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Ancient regional routes were vital for interactions between settlements and deeply influenced the development of past societies and their “complexification”. At the same time, since any transportation infrastructure needs some level of inter-settlement cooperation to be established, they can also be regarded as an epiphenomenon of social interactions at the regional scale. Here, we propose to analyze ancient pathway networks to understand the organization of cities and villages located in a certain territory, attempting to clarify whether such organization existed and if so, how it functioned. To address such a question, we chose a quantitative approach. Adopting network science as a general framework, by means of formal models, we try to identify how the collective effort that produced the terrestrial infrastructure was directed and organized. We selected a paradigmatic case study: Iron Age southern Etruria, a very well-studied context, with detailed archaeological information about settlement patterns and an established tradition of studies on terrestrial transportation routes, perfectly suitable for testing new techniques. The results of the modelling suggest that a balanced coordinated decision-making process was shaping the route network in Etruria, a scenario which correlates well with the picture elaborated by different scholars using a more traditional technique.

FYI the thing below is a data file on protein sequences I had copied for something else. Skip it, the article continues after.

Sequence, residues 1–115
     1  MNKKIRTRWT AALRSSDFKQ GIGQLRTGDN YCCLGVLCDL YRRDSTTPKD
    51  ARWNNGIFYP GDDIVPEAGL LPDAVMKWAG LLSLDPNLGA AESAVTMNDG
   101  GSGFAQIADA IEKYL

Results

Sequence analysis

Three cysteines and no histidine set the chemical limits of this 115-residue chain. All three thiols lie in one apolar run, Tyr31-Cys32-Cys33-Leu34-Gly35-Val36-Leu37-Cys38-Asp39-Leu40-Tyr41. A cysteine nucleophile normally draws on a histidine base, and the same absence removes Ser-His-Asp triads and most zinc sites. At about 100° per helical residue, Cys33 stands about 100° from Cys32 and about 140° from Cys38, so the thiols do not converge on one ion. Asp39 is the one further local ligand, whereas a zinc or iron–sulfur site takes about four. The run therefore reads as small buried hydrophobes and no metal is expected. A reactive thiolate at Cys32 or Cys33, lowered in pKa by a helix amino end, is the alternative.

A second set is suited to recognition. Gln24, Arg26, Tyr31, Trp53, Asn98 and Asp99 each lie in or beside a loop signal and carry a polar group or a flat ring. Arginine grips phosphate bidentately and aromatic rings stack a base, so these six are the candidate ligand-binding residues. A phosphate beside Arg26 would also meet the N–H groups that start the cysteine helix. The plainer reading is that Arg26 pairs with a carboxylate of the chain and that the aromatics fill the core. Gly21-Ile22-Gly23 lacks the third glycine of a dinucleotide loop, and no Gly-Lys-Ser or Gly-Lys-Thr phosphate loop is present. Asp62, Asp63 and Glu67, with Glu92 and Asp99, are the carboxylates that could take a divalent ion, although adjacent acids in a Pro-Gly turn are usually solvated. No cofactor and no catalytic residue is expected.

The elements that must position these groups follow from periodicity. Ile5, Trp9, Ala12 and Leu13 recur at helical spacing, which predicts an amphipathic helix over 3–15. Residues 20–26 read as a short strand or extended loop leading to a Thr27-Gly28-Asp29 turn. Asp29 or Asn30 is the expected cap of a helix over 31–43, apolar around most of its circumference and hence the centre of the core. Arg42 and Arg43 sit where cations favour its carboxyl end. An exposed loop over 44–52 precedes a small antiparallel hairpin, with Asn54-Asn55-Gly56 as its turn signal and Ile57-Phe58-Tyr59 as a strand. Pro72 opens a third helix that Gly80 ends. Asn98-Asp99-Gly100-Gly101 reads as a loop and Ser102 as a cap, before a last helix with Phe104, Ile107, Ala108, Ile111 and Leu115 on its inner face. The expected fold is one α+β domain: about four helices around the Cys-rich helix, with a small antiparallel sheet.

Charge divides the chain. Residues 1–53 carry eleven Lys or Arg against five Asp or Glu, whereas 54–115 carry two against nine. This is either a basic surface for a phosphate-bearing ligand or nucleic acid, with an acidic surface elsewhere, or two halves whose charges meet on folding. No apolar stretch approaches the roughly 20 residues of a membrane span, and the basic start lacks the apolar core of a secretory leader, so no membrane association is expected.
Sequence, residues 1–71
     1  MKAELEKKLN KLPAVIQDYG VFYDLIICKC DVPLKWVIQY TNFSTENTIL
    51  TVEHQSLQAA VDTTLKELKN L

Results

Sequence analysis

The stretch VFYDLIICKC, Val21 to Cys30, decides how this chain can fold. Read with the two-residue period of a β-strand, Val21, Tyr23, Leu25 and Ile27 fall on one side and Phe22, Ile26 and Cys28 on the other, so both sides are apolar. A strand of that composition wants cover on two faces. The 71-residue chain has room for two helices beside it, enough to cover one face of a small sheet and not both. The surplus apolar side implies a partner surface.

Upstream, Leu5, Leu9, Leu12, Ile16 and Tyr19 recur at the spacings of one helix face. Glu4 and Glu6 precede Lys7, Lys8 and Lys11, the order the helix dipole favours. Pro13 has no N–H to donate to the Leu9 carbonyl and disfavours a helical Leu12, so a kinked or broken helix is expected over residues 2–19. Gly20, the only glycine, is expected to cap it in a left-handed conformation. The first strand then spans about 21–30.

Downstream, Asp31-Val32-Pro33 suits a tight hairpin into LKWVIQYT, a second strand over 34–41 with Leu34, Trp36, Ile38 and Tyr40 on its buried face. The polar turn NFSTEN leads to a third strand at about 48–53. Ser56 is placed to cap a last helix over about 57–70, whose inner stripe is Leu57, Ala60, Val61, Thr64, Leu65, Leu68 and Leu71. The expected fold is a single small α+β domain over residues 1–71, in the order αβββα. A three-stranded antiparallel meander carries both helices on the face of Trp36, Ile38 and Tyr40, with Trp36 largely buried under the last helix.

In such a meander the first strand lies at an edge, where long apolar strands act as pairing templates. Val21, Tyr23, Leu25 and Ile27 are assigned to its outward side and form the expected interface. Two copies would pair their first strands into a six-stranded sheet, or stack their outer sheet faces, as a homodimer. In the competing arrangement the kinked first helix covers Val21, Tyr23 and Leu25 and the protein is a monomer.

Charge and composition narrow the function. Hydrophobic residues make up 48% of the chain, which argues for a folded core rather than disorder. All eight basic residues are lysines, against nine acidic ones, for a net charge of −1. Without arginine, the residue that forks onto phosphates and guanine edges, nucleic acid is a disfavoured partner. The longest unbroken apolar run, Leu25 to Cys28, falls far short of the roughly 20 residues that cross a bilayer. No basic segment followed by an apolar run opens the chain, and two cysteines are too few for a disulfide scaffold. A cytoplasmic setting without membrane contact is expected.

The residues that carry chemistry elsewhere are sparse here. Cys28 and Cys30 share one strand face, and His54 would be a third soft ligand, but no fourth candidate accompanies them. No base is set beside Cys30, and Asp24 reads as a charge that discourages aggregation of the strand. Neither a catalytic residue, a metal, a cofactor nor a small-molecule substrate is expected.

- 1st Millennium BC
- Network Science
Francesca Fulminante (Invited speaker), , Helen Dawson (Organiser), & Francesco Iacono (Organiser)
Activity: Participating in or organising an event types › Participation in workshop, seminar, course